The men who pulled the trigger
Sorry, not as many lulz today.
About ten years ago I was doing a job for the Army. Some of my books were on the reading list at the Defence Force Academy and every now and then some colonel or brigadier would get in contact to ask if I’d come and give a talk or run a training day. If you’re wondering what the hell I’d be doing training a bunch of military officers, you’re not alone. I’d have the same thought myself as we tucked into the corned beef and white sauce at the Officers Mess. But there was nothing unduly weird about it. I was mostly just running hypotheticals or scenarios. You know; imagine you’re part of a multinational task force and you get sucked through wormhole back to 1942 and you have to fight Hitler. How do you do that without GPS or Uber Eats?
After one session at the Land Warfare Development Centre down at Puckapunyal, a man in a sandy beret took me aside and asked whether I’d like to go to Afghanistan. I honestly didn’t think I’d done that badly.
Turned out that a few of the officers in that training block had done a few tours of Absurdistan and they were worried that there were stories which needed telling, but which would never be heard because of the way the government had dropped the entire deployment into a black box. This was in 2009, when the first stink of something going bad was just beginning to creep through the SAS, but a couple of years before the now disbanded 2nd Squadron really turned.
Looking back, I suspect that the invite to join the deployment and tell their stories was motivated more by a desire to have good work acknowledged than to see any darker aspects of the war revealed.
I didn’t go, of course. I had better, safer things to do. (Those damned aircraft carriers aren’t gonna suck themselves through time traveling wormholes, you know).
And honestly, I don’t imagine the presence of a single reporter would have made any difference. Not with the way successive governments, both conservative and Labor, had colluded to keep secret as much as they could about Australia’s military involvement in its longest war.
They had their reasons for this mostly bipartisan policy. Some of them were solid, but many were a septic sludge of bullshit and melted booty cheddar. We sent Special Forces because although such capabilities are expensive to maintain, they’re not as expensive as sending ten times as many dog soldiers in mainline infantry battalions. Not in dollar terms, and not when it comes time to tally up the butcher’s bill.
The Howard government, followed by Rudd, Gillard, Rudd again and Abbott all calculated that not only would a small commitment of better trained and lavishly equipped operators mean fewer casualties—and, just importantly, fewer stories about casualties—it would mean fewer stories altogether. Every government of the last twenty years assumed it could meet the costs of alliance management with the US, and amortise the political price of making war within if not against the Muslim world, by sending bespoke detachments of special operators who would work in secret with minimal risks of blowback.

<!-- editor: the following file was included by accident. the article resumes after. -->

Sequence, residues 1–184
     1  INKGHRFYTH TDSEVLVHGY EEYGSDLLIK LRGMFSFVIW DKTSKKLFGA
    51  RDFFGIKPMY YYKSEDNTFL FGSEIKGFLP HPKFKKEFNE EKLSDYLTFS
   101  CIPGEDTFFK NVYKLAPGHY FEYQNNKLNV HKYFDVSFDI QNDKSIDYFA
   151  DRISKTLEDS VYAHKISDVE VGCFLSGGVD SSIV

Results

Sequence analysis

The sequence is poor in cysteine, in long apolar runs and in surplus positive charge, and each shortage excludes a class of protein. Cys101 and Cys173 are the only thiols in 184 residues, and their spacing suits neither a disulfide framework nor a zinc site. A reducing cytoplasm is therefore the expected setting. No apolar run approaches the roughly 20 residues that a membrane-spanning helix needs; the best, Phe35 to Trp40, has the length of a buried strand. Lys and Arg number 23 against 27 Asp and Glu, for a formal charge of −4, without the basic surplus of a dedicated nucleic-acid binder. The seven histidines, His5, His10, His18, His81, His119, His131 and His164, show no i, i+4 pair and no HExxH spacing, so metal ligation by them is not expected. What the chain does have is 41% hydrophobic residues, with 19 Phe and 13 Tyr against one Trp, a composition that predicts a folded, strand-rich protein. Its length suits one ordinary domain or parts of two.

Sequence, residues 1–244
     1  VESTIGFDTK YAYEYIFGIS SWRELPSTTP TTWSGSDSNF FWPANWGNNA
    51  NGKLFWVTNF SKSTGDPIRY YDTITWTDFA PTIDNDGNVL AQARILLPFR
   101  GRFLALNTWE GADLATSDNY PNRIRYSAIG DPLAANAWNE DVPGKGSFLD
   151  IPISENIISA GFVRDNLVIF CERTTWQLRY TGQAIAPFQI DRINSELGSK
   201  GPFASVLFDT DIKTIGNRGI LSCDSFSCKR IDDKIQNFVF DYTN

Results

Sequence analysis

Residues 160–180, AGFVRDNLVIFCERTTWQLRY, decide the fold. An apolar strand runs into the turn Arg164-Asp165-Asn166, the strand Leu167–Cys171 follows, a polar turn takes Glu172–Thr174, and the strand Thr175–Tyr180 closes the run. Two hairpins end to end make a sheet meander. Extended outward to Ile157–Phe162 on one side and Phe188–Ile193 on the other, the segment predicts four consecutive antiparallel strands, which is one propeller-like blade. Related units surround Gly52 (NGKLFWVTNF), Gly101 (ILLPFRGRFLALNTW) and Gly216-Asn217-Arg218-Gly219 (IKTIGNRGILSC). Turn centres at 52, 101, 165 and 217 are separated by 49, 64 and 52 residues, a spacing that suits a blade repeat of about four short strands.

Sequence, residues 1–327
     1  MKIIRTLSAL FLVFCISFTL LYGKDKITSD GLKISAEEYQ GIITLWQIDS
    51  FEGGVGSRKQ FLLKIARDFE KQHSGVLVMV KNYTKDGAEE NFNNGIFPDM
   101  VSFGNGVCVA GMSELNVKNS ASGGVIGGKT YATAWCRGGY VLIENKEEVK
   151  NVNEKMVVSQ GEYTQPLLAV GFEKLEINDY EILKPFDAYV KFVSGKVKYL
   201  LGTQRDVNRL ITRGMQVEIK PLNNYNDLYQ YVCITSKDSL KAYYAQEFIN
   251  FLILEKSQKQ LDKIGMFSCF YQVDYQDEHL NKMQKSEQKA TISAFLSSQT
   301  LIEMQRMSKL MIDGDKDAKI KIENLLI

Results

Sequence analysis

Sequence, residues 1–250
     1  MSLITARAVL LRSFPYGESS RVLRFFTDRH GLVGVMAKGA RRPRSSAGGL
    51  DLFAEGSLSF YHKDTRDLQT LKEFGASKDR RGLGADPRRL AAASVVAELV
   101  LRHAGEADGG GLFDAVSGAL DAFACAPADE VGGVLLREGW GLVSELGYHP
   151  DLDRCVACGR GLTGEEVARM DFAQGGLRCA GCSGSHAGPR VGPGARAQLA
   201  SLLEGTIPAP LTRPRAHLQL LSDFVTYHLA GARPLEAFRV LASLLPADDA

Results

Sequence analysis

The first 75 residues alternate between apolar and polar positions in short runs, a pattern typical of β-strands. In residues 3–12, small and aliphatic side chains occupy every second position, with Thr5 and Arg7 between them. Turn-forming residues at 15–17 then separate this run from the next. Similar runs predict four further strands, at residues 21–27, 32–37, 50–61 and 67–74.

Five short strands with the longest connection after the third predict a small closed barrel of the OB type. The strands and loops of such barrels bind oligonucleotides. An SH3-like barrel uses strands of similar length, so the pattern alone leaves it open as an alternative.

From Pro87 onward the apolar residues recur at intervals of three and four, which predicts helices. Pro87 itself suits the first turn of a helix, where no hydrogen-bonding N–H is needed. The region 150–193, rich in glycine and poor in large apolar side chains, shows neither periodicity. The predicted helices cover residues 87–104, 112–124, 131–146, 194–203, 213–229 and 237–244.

Yeah, nah, not so much.
Canberra created the black box. It’s a bit fucking rich to play act shock and horror at what happened inside it.
You’re going to hear a lot about how the atrocities committed in your name were the sole responsibility of the men who pulled the trigger. So much cultural capital has been invested in embiggening post modern Anzac mythology that it would be impossible for those who made that investment to simply write it off.
But it can’t be written off.
A country which is happy to take pride in its military achievements cannot then wave away the consequences of moral failure and depravity by elements of that same military. As Major General Brereton, the author of the report into the war crimes committed by the SAS has written, “Moral authority is an element of combat power.” An element now much diminished in Australia’s arsenal.
There is little doubt that the ADF, and the army in particular, will move to address its complicity and purge its shame. Just as there is zero doubt that within a few years a new generation of politicians will ignore everything we just learned about fighting wars in secret. If either party was looking to address their own very real complicity in 39 murders they could start with the national security laws they both supported which makes it a crime for journalists to report on exactly these sorts of atrocities.
I'm a bit over the feigned shock espoused by dear leader and his cronies, and the commentariat as well. It is as though they are completely enamoured by the ANZAC fable and need to justify their $500M splurge on it's gold plating. Our soldiers have always been good blokes who loved the locals wherever they went, they never called them unkind names like Gyppos or Gooks. Then along came these awful bastards who have besmirched our legend. Andrew (crusader rabbit) Hastie was quick to distance himself from any odium, the nimby dickhead.
A seriously good post on an extremely serious matter.
And I'm not being facetious when I suggest the title for your book on this appalling behaviour:
"The Thirty-nine Murders".